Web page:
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WA police believe the body of a man found washed up on a beach near Bunbury is that of German backpacker Jan-Christian Bielenberg who had been missing for more than two weeks.

South West police Detective Senior Sergeant Kylie Whiteley said this afternoon that although the body had not yet been formally identified, it was likely that of 20-year-old Mr Bielenberg.

“At this point we are still attempting to formally identify the male,” Senior Sergeant Whiteley said.

How sad, the rest of this article is on  www.watoday.com.au

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The public are being asked not to approach whales during their annual migration.

Several whales have been spotted near Perth, off Ocean Reef over the weekend.

Whales often seek out protected waters close to shore and if people harass them they are likely to leave the area.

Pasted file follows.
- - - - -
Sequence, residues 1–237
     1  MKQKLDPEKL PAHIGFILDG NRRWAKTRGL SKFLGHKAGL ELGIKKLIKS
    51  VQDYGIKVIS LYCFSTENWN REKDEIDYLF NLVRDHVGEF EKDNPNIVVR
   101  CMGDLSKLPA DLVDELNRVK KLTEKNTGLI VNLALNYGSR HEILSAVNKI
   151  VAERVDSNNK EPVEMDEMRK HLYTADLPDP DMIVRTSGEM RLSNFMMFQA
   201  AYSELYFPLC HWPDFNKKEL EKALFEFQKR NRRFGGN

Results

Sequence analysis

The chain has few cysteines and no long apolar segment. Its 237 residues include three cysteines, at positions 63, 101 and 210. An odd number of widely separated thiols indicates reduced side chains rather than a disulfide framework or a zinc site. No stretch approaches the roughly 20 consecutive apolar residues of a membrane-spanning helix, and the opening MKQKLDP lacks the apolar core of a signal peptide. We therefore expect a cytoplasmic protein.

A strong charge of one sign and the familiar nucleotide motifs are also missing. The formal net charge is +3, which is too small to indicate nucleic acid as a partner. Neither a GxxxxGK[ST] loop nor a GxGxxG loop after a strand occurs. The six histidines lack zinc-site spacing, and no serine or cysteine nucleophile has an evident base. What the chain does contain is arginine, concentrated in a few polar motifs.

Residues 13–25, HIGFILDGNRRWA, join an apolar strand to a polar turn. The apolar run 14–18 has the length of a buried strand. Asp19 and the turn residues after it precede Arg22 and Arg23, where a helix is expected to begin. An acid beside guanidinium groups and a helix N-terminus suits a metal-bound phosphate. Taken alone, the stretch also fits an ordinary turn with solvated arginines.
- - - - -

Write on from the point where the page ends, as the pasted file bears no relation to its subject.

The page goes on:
Whales are not accustomed to people, and may defend themselves when approached.

People who get up close on surfboards and boats are at particular risk, as these whales may react violently, which can result in serious injury or death.

In Western Australia, boats must be within 100m of a whale by law.

You need to keep your distance so they can continue their journey without interference.

People should be able to enjoy the spectacular sight of  whales off Perth’s shores for the next few weeks.

If boats and surfers keep their distance, we can all get a view of these creatures from the beach as they pass through our waters.